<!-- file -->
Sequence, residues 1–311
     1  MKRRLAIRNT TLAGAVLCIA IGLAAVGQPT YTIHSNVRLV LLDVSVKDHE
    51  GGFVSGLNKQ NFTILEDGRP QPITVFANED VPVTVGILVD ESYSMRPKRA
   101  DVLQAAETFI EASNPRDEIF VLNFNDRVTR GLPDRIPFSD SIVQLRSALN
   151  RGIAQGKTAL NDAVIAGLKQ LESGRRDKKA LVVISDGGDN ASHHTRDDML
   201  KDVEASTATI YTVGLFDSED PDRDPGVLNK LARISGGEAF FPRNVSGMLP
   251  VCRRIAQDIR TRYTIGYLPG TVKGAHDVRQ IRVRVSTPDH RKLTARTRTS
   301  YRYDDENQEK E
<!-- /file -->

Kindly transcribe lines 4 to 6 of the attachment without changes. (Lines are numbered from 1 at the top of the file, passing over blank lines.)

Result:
   101  DVLQAAETFI EASNPRDEIF VLNFNDRVTR GLPDRIPFSD SIVQLRSALN
   151  RGIAQGKTAL NDAVIAGLKQ LESGRRDKKA LVVISDGGDN ASHHTRDDML
   201  KDVEASTATI YTVGLFDSED PDRDPGVLNK LARISGGEAF FPRNVSGMLP